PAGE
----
Medieval castles had arrow slits, which were basically cracks in walls the builders put in on purpose. Based on this, perhaps the cracks could behave differently for creatures standing next to them. Anything beside it would be able to see and attack through like it was a floor cell, while anything farther away could only see 1 cell past and only attack through with smite-targeting. This would give cracked walls a distinctive tactical purpose in the Bailey and the occasional fortress vault. — infiniplex 2012-09-05 21:49
I think I want to suggest the feature name of “Crevice” rather than arrow slit or crack – it's more semantically neutral and would work for both natural/artificial walls. Crevices could work well as the thematic feature of the Snake Pit (like webs for Spider or acidic walls for Slime), allowing snakes and guardian serpents to slither between adjacent rooms. All of the constricting or poisonous monsters would benefit from the ability to ambush players. I think that vision through crevices should be impeded somewhat, perhaps to just one tile (increasing to 2-3 tiles if you are directly adjacent to the hole, since you can peek through). Allowing other small creatures through crevices (spriggans, killer bees, etc) as above would still be desirable in the long run, but I imagine it would be easier to implement initially and test out, if it were introduced to just one branch first. Levels in the snake pit might have to be laid out somewhat differently, with more rooms directly adjacent to one another. — roctavian 2012-09-22 21:59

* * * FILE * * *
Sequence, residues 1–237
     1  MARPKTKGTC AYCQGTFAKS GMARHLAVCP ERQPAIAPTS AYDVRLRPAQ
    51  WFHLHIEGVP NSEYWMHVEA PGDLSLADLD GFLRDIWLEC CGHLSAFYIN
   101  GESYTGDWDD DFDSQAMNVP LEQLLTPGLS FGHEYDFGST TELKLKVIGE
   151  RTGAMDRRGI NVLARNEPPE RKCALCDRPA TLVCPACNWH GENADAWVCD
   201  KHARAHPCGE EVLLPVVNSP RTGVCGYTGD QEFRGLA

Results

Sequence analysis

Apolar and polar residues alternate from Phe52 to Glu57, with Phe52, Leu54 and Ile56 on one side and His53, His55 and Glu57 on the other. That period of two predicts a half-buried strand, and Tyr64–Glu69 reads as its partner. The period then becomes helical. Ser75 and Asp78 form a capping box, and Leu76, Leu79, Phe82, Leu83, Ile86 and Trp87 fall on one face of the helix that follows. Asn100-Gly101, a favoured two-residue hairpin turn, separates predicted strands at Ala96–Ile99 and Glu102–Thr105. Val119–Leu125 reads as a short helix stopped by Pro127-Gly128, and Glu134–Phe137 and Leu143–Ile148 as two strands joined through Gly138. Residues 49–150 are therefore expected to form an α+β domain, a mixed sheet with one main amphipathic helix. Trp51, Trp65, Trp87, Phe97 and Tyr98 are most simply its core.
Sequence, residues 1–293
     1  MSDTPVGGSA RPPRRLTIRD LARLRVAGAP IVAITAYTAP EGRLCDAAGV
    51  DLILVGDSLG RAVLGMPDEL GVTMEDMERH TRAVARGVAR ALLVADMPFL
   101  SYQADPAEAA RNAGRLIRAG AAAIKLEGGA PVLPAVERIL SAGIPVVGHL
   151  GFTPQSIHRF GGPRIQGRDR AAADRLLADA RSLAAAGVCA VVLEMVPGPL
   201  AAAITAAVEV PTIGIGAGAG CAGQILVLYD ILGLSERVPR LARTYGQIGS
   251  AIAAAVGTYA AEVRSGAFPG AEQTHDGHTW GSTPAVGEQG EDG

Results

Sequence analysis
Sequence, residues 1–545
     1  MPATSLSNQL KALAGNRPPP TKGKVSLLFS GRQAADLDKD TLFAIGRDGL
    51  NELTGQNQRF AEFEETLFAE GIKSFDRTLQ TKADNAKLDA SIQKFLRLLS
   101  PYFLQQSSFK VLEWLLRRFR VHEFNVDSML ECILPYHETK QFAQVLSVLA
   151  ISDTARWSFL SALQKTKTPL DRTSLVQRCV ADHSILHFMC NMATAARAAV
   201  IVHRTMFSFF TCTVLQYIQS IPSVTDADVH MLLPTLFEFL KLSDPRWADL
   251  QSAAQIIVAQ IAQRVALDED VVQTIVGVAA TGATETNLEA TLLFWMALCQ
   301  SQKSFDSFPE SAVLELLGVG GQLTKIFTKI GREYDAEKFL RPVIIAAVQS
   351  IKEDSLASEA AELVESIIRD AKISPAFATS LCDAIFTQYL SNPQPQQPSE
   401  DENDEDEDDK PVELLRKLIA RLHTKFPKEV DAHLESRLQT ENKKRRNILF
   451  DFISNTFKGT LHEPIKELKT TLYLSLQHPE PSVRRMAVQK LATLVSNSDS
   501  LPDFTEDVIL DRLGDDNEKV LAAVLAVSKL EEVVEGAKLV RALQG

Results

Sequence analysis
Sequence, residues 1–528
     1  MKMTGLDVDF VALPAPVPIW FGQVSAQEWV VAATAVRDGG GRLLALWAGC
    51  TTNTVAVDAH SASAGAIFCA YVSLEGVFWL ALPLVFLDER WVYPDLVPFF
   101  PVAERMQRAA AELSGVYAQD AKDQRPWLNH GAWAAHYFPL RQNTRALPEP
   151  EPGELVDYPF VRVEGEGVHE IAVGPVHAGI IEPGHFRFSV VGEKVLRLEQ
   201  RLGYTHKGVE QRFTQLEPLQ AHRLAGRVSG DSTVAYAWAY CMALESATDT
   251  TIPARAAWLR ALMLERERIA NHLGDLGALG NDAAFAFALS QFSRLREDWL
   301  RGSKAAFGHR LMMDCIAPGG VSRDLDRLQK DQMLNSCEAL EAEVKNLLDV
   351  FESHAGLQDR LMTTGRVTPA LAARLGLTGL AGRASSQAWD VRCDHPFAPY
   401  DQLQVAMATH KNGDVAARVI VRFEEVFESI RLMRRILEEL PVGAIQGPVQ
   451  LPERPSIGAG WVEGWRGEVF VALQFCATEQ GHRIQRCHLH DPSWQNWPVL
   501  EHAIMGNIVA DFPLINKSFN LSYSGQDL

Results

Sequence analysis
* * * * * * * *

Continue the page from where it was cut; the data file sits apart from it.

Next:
• Slow to travel through
  • A creature that moves through it leaves a “path” that is not slow to move through. The path is either permanent (possibly another terrain type) or vanishes after a period of time.
  • Light creatures are not slowed and do not leave paths
    • Size tiny
    • Flying
    • Clinging to walls

Cloud of flies

  • On tiles where rotting corpses or chunks of meat lie, each turn gets small chance to spawn a cloud of flies
  • Any player or monster standing in a tile containing cloud of flies gets reduced ToHit and Evade a small amount, due to them buzzing about your face
  • If the rotting meat is picked up or rots away completely, the cloud of flies lingers for a few turns before dispersing
  • clouds can move or spread to nearby tiles if more corpses/chunks are in them
  • the cloud cannot be attacked directly with conventional weapons, but some spells such as fireball could dispel a cloud

Glass Doors

These would behave exactly like ordinary doors except that you can see through them while they are closed. They would presumably need a special open and closed tiles, but probably only for single-cell doors at first.

I hope to use these occasionally in Elf — infiniplex 2014-02-02 23:59

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dcss/brainstorm/dungeon/terrain_types.txt · Last modified: 2014-02-03 07:00 by infiniplex